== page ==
- Cheaper construction with less tunneling to achieve "Bay-to-Basin" connectivity
Here is a rough point-by-point comparison of Altamont/Livermore and Pacheco/Gilroy interim scenarios:
|Altamont HSR to Livermore
|Pacheco HSR to Gilroy
|HSR Trip Time, from Fresno
|0:48 Fresno - Livermore
|0:39 Fresno - Gilroy
|Continuing Trip to San Francisco
|0:57 on BART
Livermore to Embarcadero
|1:45 on Caltrain
Gilroy to SF (electrified)
|Fresno - San Francisco CBD
|~ 2:00 (40 minutes quicker)
|Fresno - Oakland
|~ 1:50 (50 minutes quicker)
|Fresno - San Jose
|~ 1:50 (10 minutes slower)
assumes BART to SJ
|HSR Track Length
|140 miles (25 miles more)
|Phase 2 HSR to Reach Sacramento
|60 miles (50 miles less)
|HSR Tunnel Length (interim)
|about 4 miles (6 miles less)
|about 10 miles
Using the money saved by tunneling only 4 miles to Livermore instead of 10 miles to Gilroy, the additional 25 miles of track to reach Livermore are easily paid for-- and then some, since 50 miles of track will already have been built to reach Sacramento, as opposed to zero for Pacheco.
Move #3: Dangle the Carrot of a PAMPA Subway.
The Palo Alto Weekly recently published an article headlined "Four-track design back on the table for high-speed rail," apparently implying that it was once off the table. That seems to be the crux of a major disconnect between the city and the high-speed rail Authority. The blended Caltrain / HSR plan, as proposed in recent months by Simitian-Eshoo-Gordon and currently being analyzed by Caltrain, was always viewed by the CHSRA as an intermediate phase, a stepping stone to the immutable objective of a four-track high-speed railroad through PAMPA (Palo Alto - Menlo Park - Atherton). This viewpoint is borne out in the 2012 draft business plan. Palo Alto, on the other hand, views the blended plan as a final state of the peninsula rail corridor for the foreseeable future, and believes that the four-track plan should no longer even appear in the program EIR.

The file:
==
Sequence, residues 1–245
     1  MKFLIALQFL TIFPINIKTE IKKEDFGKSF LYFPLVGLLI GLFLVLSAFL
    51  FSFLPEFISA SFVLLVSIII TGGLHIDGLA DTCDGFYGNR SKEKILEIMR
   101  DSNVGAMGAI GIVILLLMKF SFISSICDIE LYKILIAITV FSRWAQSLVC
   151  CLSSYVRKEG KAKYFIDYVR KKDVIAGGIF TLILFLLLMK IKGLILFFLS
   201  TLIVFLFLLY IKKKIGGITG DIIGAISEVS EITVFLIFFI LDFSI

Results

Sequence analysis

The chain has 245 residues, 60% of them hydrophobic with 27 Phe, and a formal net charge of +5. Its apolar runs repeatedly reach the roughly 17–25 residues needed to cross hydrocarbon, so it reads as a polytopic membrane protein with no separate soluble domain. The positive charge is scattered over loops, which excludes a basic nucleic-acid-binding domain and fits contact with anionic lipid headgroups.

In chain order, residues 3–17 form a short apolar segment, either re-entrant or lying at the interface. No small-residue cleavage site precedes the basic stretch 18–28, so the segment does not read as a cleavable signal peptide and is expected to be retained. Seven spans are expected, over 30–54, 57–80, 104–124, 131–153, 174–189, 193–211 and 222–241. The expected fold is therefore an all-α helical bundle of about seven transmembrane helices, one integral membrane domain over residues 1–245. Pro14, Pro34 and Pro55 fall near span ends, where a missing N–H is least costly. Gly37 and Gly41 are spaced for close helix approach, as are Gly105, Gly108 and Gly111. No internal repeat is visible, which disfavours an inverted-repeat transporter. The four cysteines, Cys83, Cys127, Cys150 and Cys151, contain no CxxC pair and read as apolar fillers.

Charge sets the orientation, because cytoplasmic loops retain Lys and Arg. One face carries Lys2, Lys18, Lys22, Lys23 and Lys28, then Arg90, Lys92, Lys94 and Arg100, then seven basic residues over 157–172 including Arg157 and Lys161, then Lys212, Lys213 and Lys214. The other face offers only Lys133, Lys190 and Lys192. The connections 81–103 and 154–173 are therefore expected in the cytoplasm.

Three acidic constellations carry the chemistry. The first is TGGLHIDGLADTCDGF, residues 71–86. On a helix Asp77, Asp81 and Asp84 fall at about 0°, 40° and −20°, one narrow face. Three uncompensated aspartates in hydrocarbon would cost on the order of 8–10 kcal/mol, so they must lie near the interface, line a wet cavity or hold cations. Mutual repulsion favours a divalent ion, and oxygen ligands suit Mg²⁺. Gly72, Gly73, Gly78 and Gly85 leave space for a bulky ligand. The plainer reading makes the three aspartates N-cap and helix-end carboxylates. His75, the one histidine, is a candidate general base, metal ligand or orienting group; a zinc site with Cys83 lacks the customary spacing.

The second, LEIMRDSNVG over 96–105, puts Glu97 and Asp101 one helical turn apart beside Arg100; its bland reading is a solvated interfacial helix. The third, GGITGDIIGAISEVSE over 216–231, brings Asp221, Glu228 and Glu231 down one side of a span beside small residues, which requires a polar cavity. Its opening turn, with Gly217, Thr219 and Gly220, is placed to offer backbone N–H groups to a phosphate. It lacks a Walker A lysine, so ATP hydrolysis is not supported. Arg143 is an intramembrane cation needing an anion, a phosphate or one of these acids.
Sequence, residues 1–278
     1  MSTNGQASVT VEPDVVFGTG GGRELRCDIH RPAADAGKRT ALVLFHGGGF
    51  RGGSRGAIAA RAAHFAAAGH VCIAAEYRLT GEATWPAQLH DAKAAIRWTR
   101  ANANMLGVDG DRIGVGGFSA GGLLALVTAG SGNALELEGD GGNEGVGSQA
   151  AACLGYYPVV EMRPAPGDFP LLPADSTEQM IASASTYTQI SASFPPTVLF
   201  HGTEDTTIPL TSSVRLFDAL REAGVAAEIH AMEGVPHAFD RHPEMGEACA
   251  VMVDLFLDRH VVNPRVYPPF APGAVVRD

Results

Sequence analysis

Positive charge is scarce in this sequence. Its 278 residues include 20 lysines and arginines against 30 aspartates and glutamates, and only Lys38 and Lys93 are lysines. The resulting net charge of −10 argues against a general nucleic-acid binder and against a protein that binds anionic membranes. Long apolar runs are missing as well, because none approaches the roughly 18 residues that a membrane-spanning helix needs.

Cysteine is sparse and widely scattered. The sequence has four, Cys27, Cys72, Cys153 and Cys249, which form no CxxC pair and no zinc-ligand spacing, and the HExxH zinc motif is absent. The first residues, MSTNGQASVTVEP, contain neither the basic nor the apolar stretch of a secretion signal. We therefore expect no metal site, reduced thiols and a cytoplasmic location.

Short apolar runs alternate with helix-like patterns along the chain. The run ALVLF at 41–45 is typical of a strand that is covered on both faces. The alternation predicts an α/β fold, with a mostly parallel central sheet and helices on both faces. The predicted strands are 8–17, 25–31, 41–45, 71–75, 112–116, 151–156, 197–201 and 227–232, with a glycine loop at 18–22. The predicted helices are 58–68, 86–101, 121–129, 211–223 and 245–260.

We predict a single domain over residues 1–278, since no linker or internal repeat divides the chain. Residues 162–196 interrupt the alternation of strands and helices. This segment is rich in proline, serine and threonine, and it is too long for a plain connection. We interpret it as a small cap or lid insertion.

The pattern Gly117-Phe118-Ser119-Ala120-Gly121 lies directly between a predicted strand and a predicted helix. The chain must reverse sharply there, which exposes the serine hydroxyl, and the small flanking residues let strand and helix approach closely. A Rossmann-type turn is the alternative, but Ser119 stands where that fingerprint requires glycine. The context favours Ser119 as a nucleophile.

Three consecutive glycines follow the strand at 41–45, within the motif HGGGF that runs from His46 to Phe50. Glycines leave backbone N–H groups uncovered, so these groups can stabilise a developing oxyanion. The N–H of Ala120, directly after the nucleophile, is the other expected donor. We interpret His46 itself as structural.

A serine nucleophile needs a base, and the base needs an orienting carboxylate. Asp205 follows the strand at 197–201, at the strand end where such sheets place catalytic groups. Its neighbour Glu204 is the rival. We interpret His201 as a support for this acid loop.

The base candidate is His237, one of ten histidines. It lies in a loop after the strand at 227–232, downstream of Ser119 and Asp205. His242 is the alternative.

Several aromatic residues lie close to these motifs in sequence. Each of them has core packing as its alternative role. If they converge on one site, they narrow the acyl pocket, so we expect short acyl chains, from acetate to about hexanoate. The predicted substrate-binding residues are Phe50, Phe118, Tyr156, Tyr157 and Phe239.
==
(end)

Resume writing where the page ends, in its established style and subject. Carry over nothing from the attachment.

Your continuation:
BART's best move here is again to promote Altamont HSR. For PAMPA, the advantages are thus:
- No four-track HSR grade separations, ever
- No additional right of way (a.k.a. eminent domain) needed, ever
- No HSR traffic on top of commuter rail traffic (only 6 trains per hour per direction)
- Future opportunity for a two-track BART subway, considerably cheaper to construct than a four-track high-speed corridor. A two-track BART tunnel box is four to five times smaller, in cross-sectional area, than a four-track HSR tunnel box. This makes it remotely feasible to have the cities participate in the financing of a subway, much as was done in Berkeley in the 1960s, to further enhance property values.
As billions of dollars slowly coalesce for a possible blended HSR / Caltrain plan on the peninsula, time will become pressing for BART to bust a move. If the motives that underlie the above narrative are remotely true, then any attempt to electrify the peninsula corridor shall be thwarted, just the same as it has been in past decades.